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A G20 summit protester throws a chair at a coffee shop window in downtown Toronto. (Kevin Van Paassen/Kevin Van Paassen/The Globe and Mail)
A G20 summit protester throws a chair at a coffee shop window in downtown Toronto. (Kevin Van Paassen/Kevin Van Paassen/The Globe and Mail)

Protests turn violent: storefronts smashed, police cars set ablaze Add to ...

Thousands of protesters took over the streets of downtown Toronto on Saturday as isolated groups of demonstrators burned police cars, smashed windows and confronted riot police.

Black-clad protesters with bandanas covering their faces, mingling with many others in regular clothing, moved around the city centre, bringing it to a virtual standstill.

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Toronto Police Chief Bill Blair told a news conference Saturday evening that his officers fought back with tear gas and plastic bullets, and have arrested at least 103 people, although that number is climbing as dozens of arrests are being reported late Saturday evening.

"Members of this group will continue to engage in criminal acts" throughout the night, the chief predicted.

Follow the latest updates from Globe reporters on the scene

Chief Blair said the main goal of police is to protect the site of the G20 summit in the downtown core - the target of the protesters' anger - and to protect the public.

Prime Minister Stephen Harper, Ontario Premier Dalton McGuinty and Toronto Mayor David Miller also condemned the violence.

"Free speech is a principle of our democracy, but the thugs that prompted violence earlier today represent in no way, shape or form the Canadian way of life," Mr. Harper's spokesman Dimitri Soudas said in a statement.

A police car burns in the financial district of Toronto, set ablaze by G20 protestors.

Around 7:30 p.m. ET, tight lines of riot police - some with weapons drawn - moved to take control of Queen's Park, tackling and using batons on protesters who did not obey orders to leave. Officers on horseback galloped around to move about 500 activists away from the area, which had been sanctioned as a protest zone. Hitting their shields with their batons, riot police forced the crowd north.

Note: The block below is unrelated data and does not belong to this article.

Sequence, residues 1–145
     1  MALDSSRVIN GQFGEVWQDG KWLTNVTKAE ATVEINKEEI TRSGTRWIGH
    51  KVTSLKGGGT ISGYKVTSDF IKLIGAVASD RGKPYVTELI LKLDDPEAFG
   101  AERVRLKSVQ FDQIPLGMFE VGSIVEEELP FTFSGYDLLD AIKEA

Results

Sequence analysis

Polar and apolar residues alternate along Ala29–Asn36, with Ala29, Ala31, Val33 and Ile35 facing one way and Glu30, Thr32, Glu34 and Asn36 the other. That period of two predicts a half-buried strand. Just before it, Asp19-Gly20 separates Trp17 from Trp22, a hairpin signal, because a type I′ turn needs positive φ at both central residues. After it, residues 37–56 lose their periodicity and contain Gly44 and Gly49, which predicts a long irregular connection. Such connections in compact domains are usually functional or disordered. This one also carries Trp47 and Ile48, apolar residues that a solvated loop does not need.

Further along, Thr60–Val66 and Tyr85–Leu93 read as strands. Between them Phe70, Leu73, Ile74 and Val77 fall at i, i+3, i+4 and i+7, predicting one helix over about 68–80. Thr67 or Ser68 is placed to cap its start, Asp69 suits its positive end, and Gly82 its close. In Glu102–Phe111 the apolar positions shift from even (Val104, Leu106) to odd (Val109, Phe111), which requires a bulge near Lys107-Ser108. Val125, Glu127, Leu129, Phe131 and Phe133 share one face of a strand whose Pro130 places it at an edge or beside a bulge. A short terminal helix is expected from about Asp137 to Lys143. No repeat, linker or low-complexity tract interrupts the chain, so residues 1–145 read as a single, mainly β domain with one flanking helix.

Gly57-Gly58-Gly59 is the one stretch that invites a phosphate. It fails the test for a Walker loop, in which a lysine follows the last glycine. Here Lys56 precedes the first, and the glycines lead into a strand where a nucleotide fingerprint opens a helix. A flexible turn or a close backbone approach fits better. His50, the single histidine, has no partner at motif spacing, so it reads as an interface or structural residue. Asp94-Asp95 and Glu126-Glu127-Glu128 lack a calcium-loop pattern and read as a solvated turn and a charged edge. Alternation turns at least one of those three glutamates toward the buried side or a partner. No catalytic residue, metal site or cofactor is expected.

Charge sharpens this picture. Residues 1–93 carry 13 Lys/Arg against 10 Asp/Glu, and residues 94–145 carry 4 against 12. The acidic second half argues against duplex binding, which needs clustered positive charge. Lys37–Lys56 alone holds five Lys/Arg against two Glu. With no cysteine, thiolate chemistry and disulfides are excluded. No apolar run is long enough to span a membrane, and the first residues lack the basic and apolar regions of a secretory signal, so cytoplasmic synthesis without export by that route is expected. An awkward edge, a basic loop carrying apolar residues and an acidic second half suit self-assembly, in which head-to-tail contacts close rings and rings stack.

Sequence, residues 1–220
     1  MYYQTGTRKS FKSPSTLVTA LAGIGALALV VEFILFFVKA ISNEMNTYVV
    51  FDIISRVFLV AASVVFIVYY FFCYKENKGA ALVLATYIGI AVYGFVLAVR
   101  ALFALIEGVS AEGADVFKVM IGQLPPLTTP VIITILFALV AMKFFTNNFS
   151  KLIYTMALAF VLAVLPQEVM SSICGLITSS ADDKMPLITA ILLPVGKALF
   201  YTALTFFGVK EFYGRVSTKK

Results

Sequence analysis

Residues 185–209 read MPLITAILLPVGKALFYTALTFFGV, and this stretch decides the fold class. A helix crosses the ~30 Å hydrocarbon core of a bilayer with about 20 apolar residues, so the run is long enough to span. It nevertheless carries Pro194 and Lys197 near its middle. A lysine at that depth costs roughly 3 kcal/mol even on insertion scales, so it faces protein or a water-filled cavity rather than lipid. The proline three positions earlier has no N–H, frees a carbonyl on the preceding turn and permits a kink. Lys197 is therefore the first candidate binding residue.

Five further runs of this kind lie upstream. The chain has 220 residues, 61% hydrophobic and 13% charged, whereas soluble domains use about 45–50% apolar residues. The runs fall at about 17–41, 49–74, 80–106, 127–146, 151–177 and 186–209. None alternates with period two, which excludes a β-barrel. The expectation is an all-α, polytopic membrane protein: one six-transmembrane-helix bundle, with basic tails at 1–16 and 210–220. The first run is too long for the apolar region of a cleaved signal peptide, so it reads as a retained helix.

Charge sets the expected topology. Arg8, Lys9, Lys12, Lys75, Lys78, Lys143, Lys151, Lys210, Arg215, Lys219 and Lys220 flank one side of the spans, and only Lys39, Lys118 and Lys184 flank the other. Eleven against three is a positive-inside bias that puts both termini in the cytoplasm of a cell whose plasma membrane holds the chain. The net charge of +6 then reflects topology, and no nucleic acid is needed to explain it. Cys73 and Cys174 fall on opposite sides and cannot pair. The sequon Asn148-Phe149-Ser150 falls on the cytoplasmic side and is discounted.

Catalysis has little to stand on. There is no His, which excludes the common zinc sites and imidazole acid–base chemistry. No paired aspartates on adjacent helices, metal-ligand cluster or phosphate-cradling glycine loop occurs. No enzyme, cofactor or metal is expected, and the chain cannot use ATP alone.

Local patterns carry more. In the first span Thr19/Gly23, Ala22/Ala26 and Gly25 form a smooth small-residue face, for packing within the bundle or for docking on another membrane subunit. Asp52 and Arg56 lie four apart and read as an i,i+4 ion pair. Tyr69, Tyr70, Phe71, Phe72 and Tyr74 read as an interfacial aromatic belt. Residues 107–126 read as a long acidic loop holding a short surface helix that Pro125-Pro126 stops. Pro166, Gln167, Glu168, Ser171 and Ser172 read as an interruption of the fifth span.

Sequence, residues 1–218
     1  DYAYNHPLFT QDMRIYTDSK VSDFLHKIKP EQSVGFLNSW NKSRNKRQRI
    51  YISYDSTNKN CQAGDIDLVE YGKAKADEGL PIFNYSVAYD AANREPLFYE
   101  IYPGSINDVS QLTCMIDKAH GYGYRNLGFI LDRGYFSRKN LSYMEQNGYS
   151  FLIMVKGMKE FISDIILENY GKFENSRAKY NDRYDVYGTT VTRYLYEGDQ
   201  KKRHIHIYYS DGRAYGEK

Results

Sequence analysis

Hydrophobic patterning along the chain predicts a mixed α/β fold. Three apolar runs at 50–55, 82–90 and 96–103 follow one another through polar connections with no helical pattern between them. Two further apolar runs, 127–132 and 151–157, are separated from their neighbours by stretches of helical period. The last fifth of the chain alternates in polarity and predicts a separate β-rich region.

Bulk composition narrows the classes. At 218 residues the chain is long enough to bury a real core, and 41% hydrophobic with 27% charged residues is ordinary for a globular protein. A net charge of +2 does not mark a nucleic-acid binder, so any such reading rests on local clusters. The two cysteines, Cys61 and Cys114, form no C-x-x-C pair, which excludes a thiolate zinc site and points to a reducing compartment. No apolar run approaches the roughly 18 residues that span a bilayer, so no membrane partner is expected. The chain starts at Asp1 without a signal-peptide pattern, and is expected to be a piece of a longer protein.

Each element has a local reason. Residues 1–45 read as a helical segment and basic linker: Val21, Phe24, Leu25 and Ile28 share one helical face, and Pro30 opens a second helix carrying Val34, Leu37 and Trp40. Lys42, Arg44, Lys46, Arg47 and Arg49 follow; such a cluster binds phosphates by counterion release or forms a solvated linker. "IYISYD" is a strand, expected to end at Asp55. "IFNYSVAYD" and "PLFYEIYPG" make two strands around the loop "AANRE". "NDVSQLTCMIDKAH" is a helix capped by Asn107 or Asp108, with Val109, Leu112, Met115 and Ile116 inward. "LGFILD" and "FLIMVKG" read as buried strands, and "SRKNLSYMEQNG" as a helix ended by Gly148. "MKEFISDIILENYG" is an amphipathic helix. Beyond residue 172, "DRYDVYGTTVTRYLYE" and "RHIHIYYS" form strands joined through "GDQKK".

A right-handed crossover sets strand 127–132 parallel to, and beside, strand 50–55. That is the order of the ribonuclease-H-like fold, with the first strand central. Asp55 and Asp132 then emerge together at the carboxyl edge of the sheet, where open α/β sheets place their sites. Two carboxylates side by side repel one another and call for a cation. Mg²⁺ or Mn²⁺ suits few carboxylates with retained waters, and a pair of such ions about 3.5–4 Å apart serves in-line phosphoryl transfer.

The protesters then broke into separate groups with the main body marching down Yonge Street while others took University Avenue or other more direct approaches to the site of the G20 summit.

At least four police cruisers were torched by black-clad demonstrators. Other police vehicles were vandalized with baseball bats, including one that contained an officer.

Around 9:30 p.m. ET, riot police pushed protesters out of the intersection of Queen Street and Spadina Avenue, just blocks from the summit location.

Other clashes were reported at King and Bay streets, and the surrounding areas.

Arrests continued through the late evening hours, raising the total beyond 103 but there was no further official word on a new total.

Those arrested were taken to a G20 detention centre on Eastern Avenue. They included two American men who allegedly smashed windows.

Earlier, demonstrators broke the windows of dozens of businesses, including a Scotiabank, CIBC, a McDonald's and a Starbucks. Protesters threw bricks at a CBC van, breaking its windows. TTC streetcars were abandoned on Queen Street and two were spraypainted with anti-summit graffiti and anarchy symbols.

How the G20 clashes unfolded A map and timeline of how a peaceful march escalated into vandalism and confrontations

Protesters intent on getting closer to the summit security perimeter came face-to-face with lines of police in full riot gear in pockets of the downtown throughout the afternoon and evening.

A small group of protesters headed toward the security fence in the early evening, but the perimeter was not breached. Police formed a human chain, standing shoulder-to-shoulder or with their bicycles near the zone.

"It just makes sense to be as close to the leaders as possible to make our voices heard," said Jacob Pries as he told a crowd of a free path to the fence. Some heeded the call to action and started walking. Others stayed behind to stare down the police line.

On their way, a group of activists tore up sod and plants from a courtyard outside the Bay Adelaide Centre to spell "No G2O" on the street. "We just want to put some green space, reclaim the street a little bit," said one activist who declined to give her name.

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